Finally, the challenged juror willingly admitted her robbery and resulting fear of parking garages to a bailiff on at least one occasion, tending to support the fact that her failure to reveal that information on voir dire in appellant’s trial was unintentional. These circumstances, coupled with the juror’s repeated statements that her failure to respond correctly to the trial court’s question was unintentional, support the trial court’s finding that she did not fail to answer a material question “honestly.”

The evidence also supported the trial court’s finding that the juror’s personal experience as the victim of a robbery thirteen to fifteen years earlier did not affect her ability to serve impartially as a juror in appellant’s trial for the instant offenses. The juror said that, although being robbed at gunpoint affected her emotionally, causing her to “relive” the robbery from time to time, she did so only when she was “by [her]self] and somebody [was] behind [her].” She insisted that “[her] verdict was strictly on the evidence, nothing about [her] personal life,” and that her prior bad experience had “[a]bsolutely” nothing to do with the outcome of appellant’s trial. The trial court accepted her testimony, finding she had “an impartial mind, an understanding of the presumption of innocence, and [an] indifference to the outcome.”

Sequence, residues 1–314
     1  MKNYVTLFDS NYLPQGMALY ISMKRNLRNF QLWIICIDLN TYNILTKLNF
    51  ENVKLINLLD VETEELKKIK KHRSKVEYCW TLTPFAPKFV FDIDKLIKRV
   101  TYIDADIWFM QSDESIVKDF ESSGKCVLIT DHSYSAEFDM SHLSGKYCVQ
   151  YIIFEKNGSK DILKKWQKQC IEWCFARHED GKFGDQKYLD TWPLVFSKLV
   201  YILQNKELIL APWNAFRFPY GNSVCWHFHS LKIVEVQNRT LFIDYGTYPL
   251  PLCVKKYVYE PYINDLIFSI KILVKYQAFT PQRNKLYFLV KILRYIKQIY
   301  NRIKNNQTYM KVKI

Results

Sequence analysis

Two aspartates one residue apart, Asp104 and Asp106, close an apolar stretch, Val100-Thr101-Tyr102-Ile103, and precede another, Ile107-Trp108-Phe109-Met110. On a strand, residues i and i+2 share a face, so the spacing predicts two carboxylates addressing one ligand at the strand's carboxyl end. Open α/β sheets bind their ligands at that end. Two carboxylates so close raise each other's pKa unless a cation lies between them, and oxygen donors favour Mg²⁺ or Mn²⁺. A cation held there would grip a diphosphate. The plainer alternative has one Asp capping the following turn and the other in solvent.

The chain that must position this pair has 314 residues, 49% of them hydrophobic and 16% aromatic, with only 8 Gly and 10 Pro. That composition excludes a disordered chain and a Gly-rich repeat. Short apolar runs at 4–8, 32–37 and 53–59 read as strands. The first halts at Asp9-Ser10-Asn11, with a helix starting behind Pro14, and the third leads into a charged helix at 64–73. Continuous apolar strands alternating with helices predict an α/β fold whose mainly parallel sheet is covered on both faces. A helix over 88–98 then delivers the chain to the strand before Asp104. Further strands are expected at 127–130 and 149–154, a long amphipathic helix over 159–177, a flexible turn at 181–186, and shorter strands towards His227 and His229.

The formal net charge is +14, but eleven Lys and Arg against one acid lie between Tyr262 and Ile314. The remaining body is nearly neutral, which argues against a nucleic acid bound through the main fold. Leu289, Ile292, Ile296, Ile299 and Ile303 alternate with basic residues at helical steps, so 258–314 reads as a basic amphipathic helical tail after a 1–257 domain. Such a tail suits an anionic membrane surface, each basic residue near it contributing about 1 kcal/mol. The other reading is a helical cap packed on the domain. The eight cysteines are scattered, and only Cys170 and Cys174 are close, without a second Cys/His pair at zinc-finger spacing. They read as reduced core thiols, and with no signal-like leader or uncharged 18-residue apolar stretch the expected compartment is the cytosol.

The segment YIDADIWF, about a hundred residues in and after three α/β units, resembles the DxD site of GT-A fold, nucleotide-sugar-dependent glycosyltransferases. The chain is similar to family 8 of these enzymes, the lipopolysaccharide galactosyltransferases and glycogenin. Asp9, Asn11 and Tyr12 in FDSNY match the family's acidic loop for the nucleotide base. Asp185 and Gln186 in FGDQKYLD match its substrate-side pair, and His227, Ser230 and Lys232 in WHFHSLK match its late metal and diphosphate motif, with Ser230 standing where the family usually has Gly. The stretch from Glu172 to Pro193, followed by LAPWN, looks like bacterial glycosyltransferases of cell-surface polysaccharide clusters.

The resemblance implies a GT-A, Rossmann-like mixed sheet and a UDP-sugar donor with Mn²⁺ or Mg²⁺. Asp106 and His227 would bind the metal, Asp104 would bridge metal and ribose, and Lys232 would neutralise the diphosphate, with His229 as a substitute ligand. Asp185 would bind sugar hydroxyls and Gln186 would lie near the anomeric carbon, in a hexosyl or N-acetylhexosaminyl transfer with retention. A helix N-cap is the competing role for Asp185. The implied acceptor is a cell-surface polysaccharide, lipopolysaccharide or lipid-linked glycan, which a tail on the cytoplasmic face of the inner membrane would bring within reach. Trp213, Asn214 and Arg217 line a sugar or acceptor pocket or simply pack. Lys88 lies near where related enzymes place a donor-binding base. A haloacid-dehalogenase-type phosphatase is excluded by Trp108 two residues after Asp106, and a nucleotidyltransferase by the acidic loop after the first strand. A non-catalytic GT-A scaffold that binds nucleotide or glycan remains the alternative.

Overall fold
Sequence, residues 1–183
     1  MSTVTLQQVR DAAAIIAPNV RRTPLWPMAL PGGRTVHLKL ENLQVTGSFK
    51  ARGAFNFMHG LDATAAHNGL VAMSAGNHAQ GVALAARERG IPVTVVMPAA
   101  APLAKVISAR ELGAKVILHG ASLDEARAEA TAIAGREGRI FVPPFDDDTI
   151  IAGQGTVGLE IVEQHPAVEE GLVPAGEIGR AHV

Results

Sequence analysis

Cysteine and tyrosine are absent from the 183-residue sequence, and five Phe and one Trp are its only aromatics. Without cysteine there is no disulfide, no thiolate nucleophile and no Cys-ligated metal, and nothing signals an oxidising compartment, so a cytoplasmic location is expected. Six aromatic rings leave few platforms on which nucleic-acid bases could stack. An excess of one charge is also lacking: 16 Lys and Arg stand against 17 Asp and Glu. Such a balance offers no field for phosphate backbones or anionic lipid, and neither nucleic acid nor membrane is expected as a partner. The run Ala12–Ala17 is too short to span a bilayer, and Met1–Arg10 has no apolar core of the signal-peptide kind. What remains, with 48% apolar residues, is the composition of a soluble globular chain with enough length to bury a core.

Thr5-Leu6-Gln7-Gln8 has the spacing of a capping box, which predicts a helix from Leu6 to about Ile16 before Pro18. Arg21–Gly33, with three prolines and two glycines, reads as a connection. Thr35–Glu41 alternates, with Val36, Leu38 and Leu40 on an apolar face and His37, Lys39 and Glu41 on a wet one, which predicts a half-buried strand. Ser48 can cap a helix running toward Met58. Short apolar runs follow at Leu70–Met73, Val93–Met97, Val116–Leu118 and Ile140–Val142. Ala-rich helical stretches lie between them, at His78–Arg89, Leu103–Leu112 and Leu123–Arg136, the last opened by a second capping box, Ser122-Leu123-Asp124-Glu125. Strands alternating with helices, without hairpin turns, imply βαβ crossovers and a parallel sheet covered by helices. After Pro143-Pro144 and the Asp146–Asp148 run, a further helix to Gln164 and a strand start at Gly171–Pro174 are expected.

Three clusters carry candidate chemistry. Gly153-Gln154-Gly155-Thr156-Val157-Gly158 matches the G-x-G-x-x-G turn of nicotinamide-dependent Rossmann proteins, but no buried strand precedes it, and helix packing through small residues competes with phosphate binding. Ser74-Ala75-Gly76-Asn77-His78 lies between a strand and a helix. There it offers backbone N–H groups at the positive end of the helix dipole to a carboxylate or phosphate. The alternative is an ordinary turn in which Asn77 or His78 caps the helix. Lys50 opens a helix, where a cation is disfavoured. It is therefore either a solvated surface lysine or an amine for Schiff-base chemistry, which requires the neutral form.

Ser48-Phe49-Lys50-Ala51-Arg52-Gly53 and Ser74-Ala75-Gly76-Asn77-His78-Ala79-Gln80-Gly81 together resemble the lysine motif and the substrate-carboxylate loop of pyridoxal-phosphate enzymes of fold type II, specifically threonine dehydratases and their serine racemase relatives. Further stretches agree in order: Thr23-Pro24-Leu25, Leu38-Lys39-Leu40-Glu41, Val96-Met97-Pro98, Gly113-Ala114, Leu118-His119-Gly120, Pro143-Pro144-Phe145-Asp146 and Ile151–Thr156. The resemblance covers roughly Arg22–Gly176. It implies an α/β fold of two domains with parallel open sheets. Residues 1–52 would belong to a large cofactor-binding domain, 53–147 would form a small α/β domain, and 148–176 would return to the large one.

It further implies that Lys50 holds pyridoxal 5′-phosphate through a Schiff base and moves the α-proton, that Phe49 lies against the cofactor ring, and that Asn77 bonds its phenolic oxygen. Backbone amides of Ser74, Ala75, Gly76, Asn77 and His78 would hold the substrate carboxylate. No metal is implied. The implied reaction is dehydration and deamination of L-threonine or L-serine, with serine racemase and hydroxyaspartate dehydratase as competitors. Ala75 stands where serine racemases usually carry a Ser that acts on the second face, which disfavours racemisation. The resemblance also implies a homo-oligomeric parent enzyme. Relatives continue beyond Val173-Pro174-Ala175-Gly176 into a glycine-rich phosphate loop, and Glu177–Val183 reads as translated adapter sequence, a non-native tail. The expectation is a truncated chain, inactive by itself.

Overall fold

The holdings in Cantrell v. Crews, 259 Va. 47, 51, 523 S.E.2d 502, 504 (2000), Medici v. Commonwealth, 260 Va. 223, 226-27, 532 S.E.2d 28, 30-31 (2000), and Barrett v. Commonwealth, 262 Va. 823, 826-27, 553 S.E.2d 731, 733 (2001), indicating that “public confidence in the integrity of the [jury selection] process” is an important factor in determining whether a juror should be struck for cause do not require a different result. Those cases involved challenges that occurred before the jury was sworn, which did not give rise to the same concerns for balancing fairness with finality embodied in McDonough, 464 U.S. at 553-56, 104 S.?Ct. at 848-50, and recognized in Taylor, 25 Va. App. at 18 n.3, 486 S.E.2d at 111 n.3. Also, both Cantrell and Barrett involved a relationship between the challenged juror and a witness or other participant in the trial that the Court presumed would result in bias as a matter of law. Cantrell, 259 Va. at 51, 523 S.E.2d at 504 (noting juror was “a client of the law firm representing one of the parties to the litigation as a result of a similar occurrence”); Barrett, 262 Va. at 826-27, 553 S.E.2d at 733 (noting juror was brother of police officer witness). No evidence of such a relationship existed in this case.